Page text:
The U. S. Congress passed the Mint Act on April 2, 1792, to establish the country's first mint at Philadelphia, Pennsylvania. The ineffectual Articles of Confederation (1781) had given each state the right to mint its own coins. To ensure the stability of the monetary system, the U.S. Constitution (adopted in 1788) revoked that right, declaring the federal government the sole issuer of currency in the nation (metal or paper money). The Mint Act was the necessary follow-up to the Constitution's proclamation that the federal government alone would "coin Money, regulate the Value thereof, and of foreign Coin, and fix the Standard of Weights and Measures." The Congressional legislation made the dollar the basic unit of money and adopted the bimetallic standard, meaning that both gold and silver became legal tender (an official medium of payment) in the United States. Laws fixed the value of each metal in relation to the other.
American inventor David Rittenhouse (1732–96) was appointed the first director of the U.S. Mint, an office he held from 1792 to 1795. Rittenhouse had been active in state politics and served as treasurer of Pennsylvania (1777–89). The Mint Act authorized coins in three denominations—the copper cent (or penny), the silver dollar, and the gold eagle. The coinage was based on Thomas Jefferson's (1743–1826) decimal system, which he had proposed when he was a member of the Continental Congress (1783–85).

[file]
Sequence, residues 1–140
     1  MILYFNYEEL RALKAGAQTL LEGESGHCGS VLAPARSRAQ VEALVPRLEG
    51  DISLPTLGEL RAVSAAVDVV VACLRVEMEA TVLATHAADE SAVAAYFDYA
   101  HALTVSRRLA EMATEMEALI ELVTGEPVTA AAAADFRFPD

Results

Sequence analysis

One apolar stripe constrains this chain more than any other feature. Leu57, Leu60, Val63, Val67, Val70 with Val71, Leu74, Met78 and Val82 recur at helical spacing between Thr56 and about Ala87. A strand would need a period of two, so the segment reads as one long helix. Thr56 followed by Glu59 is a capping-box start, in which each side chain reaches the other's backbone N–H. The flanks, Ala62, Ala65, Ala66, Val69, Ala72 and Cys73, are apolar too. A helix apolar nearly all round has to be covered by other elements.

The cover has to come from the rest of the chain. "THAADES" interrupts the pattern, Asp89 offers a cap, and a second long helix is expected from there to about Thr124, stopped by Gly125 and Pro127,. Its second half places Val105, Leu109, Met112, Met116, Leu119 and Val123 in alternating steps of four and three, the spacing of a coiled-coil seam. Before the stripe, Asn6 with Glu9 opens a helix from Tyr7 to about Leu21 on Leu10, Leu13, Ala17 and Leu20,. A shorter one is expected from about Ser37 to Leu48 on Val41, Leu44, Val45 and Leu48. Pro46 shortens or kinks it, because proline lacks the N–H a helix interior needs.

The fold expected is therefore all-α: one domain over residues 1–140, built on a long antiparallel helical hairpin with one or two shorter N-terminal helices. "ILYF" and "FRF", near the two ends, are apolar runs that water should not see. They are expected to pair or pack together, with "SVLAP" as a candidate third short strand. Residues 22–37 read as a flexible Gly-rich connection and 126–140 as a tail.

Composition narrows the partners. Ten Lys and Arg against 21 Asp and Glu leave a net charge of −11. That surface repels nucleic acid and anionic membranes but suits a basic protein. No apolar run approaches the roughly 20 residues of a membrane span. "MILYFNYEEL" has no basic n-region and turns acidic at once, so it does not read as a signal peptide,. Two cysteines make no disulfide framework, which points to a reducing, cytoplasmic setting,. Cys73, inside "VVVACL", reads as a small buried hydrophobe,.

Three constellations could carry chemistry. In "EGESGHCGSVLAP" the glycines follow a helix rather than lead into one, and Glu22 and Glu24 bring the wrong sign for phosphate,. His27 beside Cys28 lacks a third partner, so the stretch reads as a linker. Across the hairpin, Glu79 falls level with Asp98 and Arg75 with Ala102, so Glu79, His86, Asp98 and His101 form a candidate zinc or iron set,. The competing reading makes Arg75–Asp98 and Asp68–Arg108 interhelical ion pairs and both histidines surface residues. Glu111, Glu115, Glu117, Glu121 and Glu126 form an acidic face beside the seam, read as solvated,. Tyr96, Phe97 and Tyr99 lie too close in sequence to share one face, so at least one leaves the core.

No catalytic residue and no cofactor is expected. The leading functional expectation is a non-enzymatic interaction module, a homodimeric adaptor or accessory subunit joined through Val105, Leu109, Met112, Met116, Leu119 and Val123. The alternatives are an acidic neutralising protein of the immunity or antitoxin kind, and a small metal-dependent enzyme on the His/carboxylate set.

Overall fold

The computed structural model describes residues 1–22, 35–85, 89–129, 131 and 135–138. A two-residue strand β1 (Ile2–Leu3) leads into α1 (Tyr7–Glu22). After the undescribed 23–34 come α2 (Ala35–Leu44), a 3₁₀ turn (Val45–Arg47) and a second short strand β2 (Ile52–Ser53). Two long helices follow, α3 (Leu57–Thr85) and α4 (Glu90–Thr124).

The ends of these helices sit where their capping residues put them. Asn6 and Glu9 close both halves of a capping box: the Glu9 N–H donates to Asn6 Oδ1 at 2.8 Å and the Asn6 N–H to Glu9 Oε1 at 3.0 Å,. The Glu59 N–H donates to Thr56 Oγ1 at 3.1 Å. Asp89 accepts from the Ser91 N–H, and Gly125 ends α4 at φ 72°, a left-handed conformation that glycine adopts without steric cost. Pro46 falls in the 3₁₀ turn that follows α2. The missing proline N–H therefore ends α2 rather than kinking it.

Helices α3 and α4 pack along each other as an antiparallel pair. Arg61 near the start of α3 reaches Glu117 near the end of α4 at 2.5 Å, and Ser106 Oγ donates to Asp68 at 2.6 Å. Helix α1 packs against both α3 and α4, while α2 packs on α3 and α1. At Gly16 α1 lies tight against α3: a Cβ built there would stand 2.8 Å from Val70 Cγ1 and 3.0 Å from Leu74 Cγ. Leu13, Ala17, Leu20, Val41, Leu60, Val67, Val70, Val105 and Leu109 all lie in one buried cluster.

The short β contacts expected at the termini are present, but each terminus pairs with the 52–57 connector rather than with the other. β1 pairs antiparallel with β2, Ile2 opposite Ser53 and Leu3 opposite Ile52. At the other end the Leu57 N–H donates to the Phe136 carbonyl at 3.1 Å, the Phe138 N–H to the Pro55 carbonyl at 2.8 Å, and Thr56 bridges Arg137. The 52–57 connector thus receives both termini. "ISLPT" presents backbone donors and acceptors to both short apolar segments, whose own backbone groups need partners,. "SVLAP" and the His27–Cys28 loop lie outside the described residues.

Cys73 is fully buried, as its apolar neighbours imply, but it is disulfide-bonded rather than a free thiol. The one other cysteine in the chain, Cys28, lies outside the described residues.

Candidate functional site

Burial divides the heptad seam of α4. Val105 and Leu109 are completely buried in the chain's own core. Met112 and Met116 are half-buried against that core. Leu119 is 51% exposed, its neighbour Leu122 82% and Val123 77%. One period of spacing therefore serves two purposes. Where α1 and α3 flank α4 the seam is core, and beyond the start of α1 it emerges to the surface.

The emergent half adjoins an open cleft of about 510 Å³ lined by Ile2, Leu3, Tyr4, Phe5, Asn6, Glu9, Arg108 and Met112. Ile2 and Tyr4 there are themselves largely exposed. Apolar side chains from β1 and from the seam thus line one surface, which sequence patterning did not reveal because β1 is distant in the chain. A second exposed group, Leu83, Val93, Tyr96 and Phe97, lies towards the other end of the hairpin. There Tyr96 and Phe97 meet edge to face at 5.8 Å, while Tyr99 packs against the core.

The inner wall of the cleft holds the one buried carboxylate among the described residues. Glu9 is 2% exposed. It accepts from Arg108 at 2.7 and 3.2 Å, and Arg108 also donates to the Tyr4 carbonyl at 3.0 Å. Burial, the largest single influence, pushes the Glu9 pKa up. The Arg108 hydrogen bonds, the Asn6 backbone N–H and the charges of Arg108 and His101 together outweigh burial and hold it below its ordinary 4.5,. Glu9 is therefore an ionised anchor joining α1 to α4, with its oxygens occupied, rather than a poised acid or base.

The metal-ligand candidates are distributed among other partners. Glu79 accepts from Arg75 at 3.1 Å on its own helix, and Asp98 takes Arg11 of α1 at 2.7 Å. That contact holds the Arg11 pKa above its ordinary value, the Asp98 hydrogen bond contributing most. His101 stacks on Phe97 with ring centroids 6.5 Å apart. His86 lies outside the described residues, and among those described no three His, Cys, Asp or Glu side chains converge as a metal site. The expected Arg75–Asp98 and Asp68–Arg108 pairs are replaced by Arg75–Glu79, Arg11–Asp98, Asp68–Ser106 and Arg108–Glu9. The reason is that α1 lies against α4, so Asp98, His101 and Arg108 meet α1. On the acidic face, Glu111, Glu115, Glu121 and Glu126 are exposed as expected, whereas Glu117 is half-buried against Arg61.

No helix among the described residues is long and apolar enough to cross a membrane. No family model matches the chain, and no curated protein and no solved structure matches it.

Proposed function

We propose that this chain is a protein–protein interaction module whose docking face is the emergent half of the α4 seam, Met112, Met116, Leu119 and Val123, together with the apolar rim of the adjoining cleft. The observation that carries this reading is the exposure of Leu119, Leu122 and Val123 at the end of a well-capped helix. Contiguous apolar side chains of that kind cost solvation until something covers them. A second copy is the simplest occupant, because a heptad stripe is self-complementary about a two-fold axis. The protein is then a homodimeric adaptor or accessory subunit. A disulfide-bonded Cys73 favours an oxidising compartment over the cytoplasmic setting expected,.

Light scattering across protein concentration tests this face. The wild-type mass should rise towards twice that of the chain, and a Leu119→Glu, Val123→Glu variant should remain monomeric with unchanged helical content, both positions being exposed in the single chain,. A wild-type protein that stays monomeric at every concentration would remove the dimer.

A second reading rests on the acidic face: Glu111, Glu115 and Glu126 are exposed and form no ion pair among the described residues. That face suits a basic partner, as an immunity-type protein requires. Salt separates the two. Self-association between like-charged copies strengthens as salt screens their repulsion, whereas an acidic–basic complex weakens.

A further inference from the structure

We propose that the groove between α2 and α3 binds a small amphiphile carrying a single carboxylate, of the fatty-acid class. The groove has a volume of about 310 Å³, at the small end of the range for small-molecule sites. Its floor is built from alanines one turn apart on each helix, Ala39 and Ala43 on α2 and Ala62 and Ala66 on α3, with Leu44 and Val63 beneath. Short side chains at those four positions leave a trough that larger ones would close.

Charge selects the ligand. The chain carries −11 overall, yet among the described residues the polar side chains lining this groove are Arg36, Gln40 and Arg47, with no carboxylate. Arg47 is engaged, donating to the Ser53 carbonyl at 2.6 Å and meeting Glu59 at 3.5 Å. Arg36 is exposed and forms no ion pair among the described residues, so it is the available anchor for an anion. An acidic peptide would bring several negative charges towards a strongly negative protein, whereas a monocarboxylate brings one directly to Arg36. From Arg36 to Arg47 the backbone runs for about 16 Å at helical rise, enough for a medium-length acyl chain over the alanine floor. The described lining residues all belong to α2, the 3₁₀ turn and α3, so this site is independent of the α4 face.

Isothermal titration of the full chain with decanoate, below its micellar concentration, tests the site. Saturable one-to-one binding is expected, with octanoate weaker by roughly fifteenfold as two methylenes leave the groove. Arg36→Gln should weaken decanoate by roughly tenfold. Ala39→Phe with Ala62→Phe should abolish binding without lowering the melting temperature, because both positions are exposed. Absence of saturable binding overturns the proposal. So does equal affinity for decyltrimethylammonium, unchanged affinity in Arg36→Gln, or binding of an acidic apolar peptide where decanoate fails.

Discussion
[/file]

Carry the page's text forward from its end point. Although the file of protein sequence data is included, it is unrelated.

For decades after the Mint Act, U.S. coins circulated along with foreign coins in the states. The federal government determined the exchange rate based on how much precious metal was present in foreign coins. But in 1857 Congress approved a law removing foreign coins from circulation.
For many years the $10 gold eagle was the highest denomination of U.S. coin. In 1933 the government took gold out of circulation; the precious metals present in other coins was also reduced through later Congressional legislation. Today gold and silver coins are minted as commemorative issues for collectors. Silver and gold bullion (bars or ingots) are minted for sale to investors.
"Mint Act." Gale Encyclopedia of U.S. Economic History. . Encyclopedia.com. (September 19, 2018). http://www.encyclopedia.com/history/encyclopedias-almanacs-transcripts-and-maps/mint-act
"Mint Act." Gale Encyclopedia of U.S. Economic History. . Retrieved September 19, 2018 from Encyclopedia.com: http://www.encyclopedia.com/history/encyclopedias-almanacs-transcripts-and-maps/mint-act
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